Harvard Professor Finds ‘Alien Fragments’ on Ocean Floor
For years, we have looked to the skies for answers about life beyond Earth, but a Harvard professor may have found some evidence a lot closer to home.
Professor Avi Loeb, a professor of astronomy at Harvard, has long been an advocate of the idea that there is life out there. In October of last year, Loeb asserted that, based on his calculations, there could be as many as 4 quintillion spaceships in our solar system.
To say that he's a bit obsessed with space would be an understatement.
That's "4,000,000,000,000,000,000," if your calculator doesn't go that high.
Writing on his Medium page, Loeb explained that the expedition was all about tracking the landing site of a meteor that fell into the Pacific Ocean. It was an expedition that cost $1.5 million, and Loeb began his recap of the expedition with "We did it."
I led a Galileo Project expedition to the Pacific Ocean to retrieve spherules of the first recognized interstellar meteor, IM1, and brought back to Harvard College Observatory more than 50 spherules which lay on the deep ocean floor for nearly a decade. These sub-millimeter-sized spheres, which appear under a microscope as beautiful metallic marbles, were concentrated along the expected path of IM1 — about 85 kilometers off the coast of Manus Island in Papua New Guinea. Their discovery opens a new frontier in astronomy, where what lay outside the solar system is studied through a microscope rather than a telescope. That 83% of the matter in the universe is apparently composed of dark matter which was not found yet in the solar system should teach us modesty in forecasting the nature of interstellar objects.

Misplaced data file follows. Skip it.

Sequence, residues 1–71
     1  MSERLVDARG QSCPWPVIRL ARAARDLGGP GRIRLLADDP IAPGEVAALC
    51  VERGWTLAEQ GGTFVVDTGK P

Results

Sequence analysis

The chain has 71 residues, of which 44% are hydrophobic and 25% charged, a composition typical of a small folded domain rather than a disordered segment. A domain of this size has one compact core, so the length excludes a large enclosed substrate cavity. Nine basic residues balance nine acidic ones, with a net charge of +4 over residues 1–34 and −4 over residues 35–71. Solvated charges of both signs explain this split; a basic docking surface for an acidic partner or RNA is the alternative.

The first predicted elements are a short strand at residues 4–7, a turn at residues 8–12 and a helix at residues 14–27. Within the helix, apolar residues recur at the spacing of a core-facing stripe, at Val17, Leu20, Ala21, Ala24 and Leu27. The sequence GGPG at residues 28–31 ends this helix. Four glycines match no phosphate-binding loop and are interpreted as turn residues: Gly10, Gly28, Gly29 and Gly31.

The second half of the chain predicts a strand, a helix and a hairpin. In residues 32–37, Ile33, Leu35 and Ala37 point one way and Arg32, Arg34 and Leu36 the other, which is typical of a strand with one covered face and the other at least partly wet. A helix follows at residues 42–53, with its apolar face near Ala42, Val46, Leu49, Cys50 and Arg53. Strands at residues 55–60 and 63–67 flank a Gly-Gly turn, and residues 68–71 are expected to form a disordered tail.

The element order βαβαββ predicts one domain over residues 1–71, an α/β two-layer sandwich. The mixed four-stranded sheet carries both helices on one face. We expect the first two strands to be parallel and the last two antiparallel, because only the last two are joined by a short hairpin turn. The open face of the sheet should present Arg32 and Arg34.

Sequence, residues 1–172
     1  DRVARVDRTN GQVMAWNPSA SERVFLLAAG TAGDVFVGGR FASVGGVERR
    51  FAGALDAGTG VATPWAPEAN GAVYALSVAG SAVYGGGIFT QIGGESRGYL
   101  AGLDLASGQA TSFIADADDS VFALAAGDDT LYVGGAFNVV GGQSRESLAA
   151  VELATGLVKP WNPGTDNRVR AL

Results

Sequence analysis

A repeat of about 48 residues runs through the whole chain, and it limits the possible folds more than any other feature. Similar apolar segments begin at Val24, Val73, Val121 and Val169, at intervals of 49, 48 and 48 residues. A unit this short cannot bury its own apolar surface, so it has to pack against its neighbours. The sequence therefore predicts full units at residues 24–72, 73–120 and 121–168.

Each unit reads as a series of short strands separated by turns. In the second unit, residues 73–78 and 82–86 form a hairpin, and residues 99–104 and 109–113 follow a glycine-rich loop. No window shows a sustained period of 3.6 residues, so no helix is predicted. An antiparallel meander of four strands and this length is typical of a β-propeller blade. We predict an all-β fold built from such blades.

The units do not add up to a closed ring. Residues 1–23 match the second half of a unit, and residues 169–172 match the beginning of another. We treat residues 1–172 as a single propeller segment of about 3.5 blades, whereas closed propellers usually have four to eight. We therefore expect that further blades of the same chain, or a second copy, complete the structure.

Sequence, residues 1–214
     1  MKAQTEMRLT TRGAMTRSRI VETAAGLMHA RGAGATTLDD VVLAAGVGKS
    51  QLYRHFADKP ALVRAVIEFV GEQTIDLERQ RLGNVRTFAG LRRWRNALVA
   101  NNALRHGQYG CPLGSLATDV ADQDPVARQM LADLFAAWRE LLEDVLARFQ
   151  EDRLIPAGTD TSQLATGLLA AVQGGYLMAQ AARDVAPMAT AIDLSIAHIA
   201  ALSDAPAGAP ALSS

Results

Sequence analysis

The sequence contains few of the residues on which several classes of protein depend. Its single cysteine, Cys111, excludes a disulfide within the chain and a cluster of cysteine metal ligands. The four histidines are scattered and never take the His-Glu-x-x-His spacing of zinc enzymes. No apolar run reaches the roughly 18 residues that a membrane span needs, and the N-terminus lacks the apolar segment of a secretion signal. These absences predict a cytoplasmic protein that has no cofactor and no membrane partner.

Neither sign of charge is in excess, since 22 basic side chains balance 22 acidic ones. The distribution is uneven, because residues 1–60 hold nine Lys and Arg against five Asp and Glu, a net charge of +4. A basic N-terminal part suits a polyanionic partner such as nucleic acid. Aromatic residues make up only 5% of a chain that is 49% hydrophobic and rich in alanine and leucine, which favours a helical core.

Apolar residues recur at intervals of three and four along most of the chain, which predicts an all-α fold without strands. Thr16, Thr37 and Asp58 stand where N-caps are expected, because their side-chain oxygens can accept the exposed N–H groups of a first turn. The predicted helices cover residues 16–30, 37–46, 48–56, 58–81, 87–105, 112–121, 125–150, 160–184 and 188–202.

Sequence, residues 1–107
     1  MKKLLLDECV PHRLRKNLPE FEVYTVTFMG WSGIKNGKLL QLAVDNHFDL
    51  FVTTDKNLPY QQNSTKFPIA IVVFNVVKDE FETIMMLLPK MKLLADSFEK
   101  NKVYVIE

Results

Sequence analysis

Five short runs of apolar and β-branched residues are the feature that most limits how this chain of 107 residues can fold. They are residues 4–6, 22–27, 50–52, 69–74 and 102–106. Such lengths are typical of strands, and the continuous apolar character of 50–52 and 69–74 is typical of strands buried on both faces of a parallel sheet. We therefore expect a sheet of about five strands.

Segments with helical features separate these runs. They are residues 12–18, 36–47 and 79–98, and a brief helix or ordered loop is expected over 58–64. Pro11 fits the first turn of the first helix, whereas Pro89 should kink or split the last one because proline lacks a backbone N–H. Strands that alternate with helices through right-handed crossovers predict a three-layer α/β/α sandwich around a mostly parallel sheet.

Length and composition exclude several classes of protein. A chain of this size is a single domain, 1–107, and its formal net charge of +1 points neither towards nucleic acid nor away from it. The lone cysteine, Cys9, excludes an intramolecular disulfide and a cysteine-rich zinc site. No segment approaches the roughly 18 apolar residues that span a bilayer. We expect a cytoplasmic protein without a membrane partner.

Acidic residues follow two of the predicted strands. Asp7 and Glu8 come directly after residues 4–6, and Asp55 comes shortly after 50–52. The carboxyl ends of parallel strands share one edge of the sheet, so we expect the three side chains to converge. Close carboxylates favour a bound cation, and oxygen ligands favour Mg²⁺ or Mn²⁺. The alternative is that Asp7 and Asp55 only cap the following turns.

He has also been making the media rounds, speaking with News Nation's Chris Cuomo about the trip.
Now, this discovery comes in the wake of a possible UFO crash in Las Vegas, as well as years of reports from military sources that the U.S. military has come across unexplained flying aircraft that moved in abnormal ways. So, it's not like this is all happening in a vacuum.
Can we say for certain that it is aliens? No. But we cannot say for certain that it isn't aliens, now can we?